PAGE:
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Thursday, December 6 • 10:05am - 10:30am
The Discrepancy of the Megaflow Cache in OVS

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In the beginning, the aim of Open vSwitch (OVS) was to meet the needs of the open source networking community to provide a feature-rich OpenFlow (OF) software switch offering a so- phisticated way to manage the underlying network of virtual machines (VMs) in Linux-based hypervisors (e.g., KVM, XEN). Due to its continuous evolution (just to mention a few: supporting standard management interfaces like NetFlow, complying with the latest OF standards, etc.), it has become the de-facto standard OF software switch implementation, recently has become the most popular network back-end for OpenStack deployments [1], and started to gain a foothold in serverless environments (e.g., OVN/Kubernetes). Although, to catch up with the industrial needs, OVS had to be as fast as possible without sacrificing its most important advantages: high programmability and generality.

To reach this end, two important parts have been introduced to the OVS forwarding plane: the "slow-path" daemon called ovs-vswitchd running in the user space, and the "fast-path" flow caching architecture running in the kernel space. In particular, the slow-path materializes the flow table, which is an ordered set of wildcard rules operating over certain header fields, and a set of packet processing primitives (i.e., actions) to be applied to matching packets. For increased flexibility, OVS permits flow rules to overlap, however this makes packet classification rather complex since, even in the case of non-overlapping flow rules, the complexity of any wildcard rule matching algorithm could be exponential [2]. On the other hand, to fasten packet classification in OVS, only the first packet of each flow is subjected to this full blown flow-table processing on the slow path, and the flow-specific rules and actions are then cached in the fast path, which can then process the rest of the flow's packets efficiently.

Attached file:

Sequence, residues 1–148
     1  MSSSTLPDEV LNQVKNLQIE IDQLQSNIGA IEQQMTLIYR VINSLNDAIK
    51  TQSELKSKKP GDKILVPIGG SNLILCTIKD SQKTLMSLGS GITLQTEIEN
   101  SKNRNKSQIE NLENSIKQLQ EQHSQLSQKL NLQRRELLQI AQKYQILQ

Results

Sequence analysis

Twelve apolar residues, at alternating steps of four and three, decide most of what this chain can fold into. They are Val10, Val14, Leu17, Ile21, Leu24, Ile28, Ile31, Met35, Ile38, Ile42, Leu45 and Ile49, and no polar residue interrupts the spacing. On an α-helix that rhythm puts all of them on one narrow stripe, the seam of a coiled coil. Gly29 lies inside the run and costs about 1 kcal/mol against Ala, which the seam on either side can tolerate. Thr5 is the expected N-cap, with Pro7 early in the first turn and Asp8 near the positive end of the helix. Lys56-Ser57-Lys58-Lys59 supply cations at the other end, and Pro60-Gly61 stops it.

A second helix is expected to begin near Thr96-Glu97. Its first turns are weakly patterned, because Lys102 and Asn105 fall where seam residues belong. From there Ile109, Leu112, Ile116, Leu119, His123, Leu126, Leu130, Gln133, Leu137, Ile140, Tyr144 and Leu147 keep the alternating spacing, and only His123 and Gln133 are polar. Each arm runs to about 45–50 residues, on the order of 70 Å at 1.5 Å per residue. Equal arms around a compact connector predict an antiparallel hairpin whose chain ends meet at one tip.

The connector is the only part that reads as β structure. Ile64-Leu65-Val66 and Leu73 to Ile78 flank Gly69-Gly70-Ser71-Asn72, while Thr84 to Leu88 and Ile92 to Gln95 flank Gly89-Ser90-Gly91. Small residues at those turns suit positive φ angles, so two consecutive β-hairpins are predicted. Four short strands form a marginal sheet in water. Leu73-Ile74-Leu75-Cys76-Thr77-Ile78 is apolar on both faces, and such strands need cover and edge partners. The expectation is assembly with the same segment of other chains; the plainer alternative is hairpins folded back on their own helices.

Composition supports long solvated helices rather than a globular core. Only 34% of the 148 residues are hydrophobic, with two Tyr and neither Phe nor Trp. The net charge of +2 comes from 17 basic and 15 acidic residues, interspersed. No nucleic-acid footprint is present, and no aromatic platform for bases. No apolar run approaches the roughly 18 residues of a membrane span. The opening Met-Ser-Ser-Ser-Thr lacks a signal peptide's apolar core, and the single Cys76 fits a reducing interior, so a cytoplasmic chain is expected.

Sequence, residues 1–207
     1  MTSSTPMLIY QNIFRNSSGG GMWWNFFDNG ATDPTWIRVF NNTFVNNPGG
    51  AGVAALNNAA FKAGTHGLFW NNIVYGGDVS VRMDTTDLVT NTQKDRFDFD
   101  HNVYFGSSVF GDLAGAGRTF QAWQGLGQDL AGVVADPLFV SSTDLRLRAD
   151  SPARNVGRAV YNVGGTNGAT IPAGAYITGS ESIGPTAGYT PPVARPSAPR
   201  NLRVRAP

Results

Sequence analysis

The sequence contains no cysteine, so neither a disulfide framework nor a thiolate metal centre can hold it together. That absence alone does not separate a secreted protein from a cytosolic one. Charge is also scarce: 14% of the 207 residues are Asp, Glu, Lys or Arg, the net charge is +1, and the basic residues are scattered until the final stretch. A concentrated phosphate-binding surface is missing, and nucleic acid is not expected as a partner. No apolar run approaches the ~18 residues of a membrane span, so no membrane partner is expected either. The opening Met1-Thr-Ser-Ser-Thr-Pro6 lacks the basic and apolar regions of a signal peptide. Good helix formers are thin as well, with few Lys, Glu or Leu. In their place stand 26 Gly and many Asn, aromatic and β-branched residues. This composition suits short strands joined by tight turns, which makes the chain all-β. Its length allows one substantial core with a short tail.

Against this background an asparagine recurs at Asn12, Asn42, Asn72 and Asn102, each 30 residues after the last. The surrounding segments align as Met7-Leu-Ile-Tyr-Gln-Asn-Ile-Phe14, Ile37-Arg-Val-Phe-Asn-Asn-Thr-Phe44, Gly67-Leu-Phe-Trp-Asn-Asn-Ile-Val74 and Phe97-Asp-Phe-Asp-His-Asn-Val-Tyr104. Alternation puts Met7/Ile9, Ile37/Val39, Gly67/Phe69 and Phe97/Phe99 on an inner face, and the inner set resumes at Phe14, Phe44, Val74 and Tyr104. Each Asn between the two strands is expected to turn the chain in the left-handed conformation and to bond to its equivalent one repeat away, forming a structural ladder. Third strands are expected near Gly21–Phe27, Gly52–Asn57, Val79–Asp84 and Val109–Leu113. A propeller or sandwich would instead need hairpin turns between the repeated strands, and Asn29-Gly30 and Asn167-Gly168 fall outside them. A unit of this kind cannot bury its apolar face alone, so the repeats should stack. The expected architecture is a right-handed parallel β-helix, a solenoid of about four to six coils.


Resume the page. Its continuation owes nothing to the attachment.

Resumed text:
Since OVS 1.11, this fast path is further divided into two layers of flow caches: the microflow cache that implements a per-transport-connection exact-match store over all header fields; and the megaflow cache (MF), which, by introducing arbitrary bitwise wildcarding to the kernel space, has enabled the biggest performance improvement so far [1]. For the rest of our discussion, we will concentrate on the megaflow cache exclusively.

Since 2015, we have been investigating the highest attainable performance of OVS in many diverse use cases ranging from pure L2 forwarding to more complex telco access gateway scenarios. In some cases, we have identified some (at that time considered as) inexplicable performance drops with certain flow table entries and traffic traces even if in two measurements the use case itself was the same so did the number of flow table entries and the number of incoming flows. Then, we started to deeply analyze how the flow caching architecture of OVS works and what strategy it uses to build its data structure.

The data structure used in the MF is based on the tuple-space search (TSS) scheme: a tuple is defined for each combination of field length, and the resulted set is the "tuple space". In case of the MF, TSS means that entries matching on the same header fields are collected into a hash in which masked packet headers can be found fast. To reduce complexity, the slow path ensures that MF entries are non-overlapping, resulting in masks and associated hashes are searched sequentially until the first matching entry is found. This means that even if hash lookup is O(1), the TSS algorithm still has to iterate through all hashes assigned to different masks, rendering TSS a costly linear search when there are lots of masks. To understand how this looks like in the reality, we considered a simple Access Control List: we have a flow table with two overlapping flow rules; packets coming from the IP range 10.0.0.0/8 are allowed, and everything else should be dropped.

Key Mask Action
00001010 11111111 allow